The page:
The QE tapering has been a buzzword for markets around the world since late May.
As debates heat up, the Korean stock market pulled back below the 1,800 level last month. But stocks are now extending a sustained rebound as related fears recede.
Was the Fed QE tapering something that markets have not expected?
Global markets apparently did not move in line with the consensus. After the May 1 FOMC minutes were released on May 22, markets around the world began to steer away from risky assets even though the meeting itself did not trigger any fears. Stocks tumbled again on June 19 when Federal Reserve Chairman Ben S. Bernanke failed to meet the market’s expectation for accommodative remarks at the June FOMC meeting. Ironically, however, investors started to rekindle their appetite for risky assets when the June FOMC minutes were released on July 10.
Fortunately, we have seen the QE fears coming.
In our previous reports titled US QE Expansion & Korea Stock Market Forecast (Dec 17, 2012), KOSPI Nearterm Resistance and 1H13 Scenarios (Jan 7, 2013), Building Core Portfolios (Feb 5, 2013), Stock Market Viewed in the Context of Pent-up Demand (Mar 5, 2013) and No KOSPI Rally in 2Q13 (Apr 4, 2013), we predicted a major pullback in 2Q13 triggered by fears of early QE tapering.
We were able to think differently because we believed that Bernanke was undertaking QE within the purview of foreseeable policies. Detailed measures of QE3 implemented on September and December 2012 looked extremely similar to those of QE1 (strengthened policy by additional Treasury purchase three months after MBS purchase announcement), and the treasury bill purchase program did not last long in the previous rounds of QE. The only difference between QE3 and the previous rounds was that Bernanke did not set the deadline as he had seen the negative impacts (ex. stock price declines and weak macros).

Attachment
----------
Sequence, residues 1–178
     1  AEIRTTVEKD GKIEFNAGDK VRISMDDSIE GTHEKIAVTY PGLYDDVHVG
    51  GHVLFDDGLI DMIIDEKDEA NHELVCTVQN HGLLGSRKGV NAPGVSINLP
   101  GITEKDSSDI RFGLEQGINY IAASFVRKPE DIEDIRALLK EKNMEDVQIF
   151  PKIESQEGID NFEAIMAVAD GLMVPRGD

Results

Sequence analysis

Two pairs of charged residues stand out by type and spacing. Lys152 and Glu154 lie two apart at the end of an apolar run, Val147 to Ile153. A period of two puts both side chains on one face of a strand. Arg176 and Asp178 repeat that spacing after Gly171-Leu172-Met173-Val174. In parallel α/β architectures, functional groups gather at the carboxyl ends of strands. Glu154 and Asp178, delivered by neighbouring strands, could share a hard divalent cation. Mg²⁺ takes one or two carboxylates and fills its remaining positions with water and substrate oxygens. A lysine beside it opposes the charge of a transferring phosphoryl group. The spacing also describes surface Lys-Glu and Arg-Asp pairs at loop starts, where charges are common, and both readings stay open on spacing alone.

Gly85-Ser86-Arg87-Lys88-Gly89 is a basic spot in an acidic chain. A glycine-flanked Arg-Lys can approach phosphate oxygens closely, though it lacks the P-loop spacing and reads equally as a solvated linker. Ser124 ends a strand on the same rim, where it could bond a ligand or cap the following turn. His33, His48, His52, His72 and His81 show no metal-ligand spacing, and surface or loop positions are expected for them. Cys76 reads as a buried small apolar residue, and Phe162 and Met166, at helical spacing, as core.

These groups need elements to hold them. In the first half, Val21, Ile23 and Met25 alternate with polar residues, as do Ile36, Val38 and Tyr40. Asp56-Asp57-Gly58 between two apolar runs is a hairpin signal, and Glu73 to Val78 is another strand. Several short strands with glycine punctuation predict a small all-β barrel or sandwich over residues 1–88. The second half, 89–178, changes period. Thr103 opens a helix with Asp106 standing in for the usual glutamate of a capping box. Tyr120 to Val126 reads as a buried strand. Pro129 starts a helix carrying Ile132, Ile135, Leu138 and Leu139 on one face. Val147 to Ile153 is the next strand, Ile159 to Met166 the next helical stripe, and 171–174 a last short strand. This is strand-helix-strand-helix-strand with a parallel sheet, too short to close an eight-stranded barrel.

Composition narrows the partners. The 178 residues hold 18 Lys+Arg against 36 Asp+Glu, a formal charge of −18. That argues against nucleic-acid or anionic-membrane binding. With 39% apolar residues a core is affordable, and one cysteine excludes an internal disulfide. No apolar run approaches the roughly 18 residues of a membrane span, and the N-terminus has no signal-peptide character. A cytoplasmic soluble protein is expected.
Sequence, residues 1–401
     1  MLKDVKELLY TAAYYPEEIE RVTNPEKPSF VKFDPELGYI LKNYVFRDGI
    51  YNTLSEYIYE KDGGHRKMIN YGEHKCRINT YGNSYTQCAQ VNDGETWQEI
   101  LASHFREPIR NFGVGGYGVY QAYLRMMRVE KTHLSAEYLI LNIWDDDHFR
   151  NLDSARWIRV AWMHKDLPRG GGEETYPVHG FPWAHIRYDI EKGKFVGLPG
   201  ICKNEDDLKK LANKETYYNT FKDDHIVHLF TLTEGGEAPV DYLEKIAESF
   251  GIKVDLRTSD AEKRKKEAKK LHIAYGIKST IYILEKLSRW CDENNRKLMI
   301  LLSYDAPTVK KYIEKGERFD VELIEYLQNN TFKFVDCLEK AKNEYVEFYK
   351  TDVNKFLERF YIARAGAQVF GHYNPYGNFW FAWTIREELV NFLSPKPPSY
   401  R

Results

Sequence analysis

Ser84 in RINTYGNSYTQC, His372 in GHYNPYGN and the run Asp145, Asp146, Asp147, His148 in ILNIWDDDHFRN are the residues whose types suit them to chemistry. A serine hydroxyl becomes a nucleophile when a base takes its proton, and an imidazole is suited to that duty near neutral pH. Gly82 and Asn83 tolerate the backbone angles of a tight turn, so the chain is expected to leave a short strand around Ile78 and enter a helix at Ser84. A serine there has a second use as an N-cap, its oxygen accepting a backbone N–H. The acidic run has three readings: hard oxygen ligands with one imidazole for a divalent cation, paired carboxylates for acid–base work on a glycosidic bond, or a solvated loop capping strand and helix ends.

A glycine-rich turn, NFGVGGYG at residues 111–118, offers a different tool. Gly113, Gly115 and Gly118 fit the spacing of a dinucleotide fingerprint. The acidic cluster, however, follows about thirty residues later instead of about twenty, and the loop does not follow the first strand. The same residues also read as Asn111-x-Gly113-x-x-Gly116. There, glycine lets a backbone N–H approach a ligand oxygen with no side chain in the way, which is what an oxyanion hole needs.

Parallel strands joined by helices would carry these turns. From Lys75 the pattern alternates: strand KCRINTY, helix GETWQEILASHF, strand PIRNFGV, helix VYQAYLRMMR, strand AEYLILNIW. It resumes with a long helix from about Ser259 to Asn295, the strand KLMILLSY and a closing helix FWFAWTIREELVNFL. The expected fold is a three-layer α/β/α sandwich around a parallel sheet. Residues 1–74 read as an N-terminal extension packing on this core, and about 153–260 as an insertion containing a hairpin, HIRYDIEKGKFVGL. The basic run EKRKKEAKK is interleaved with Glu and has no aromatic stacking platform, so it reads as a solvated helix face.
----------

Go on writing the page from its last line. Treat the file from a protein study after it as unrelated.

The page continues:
In line with the markets’ consensus, we expect the Fed to take its foot off the QE3 pedal by the year-end in the forms of LIFO (Last In First Out) as seen in QE1 and QE2. The Fed is likely to end the treasury purchase program before ending the purchase of MBS in 2014. We expect the Fed to either end or shrink the bond buying around 4Q13 when unemployment rate begins to hover below 7%. In five months, the number of the employed in the US is forecast to rise to the level seen before the 2008 financial crisis.
In the near-term, global markets might experience a correction in mid August. The US July Consumer Price Index, to be announced in August, is forecast to rise nearly 2% from a year ago, which will likely give another rise to QE tapering fears. In June and July 2012, the global oil prices were near the year’s low. The WTI price has rebounded from below US$88/bbl in July 2012 to US$105/bbl in July 2013. The US gasoline price (nationwide average) has climbed more than 4% from a year ago, and the bullish trend is likely to persist during the summer driving season. The QE fears subsided after June this year thanks primarily to the consensus that the US inflation rate did not reach 2%. Markets around the world should face another critical juncture in August.
Nonetheless, we expect the upward trend will not be deterred by a shortterm correction in August and QE tapering in late 3Q13~early 4Q13 as improving macros outweigh fallouts from QE reduction. The US housing prices, which have recovered to the preQE level, is the case in point. Investors will see more of improving fundamentals and forget the fears of QE tapering. In the meantime, investors in Korea will show more interests in stocks. We expect Korean stocks to rise in 4Q13 helped by increased money inflow from domestic investors. A market correction in 2H13, if any, will be a simple withdrawal symptom after four years of indulging in liquidity.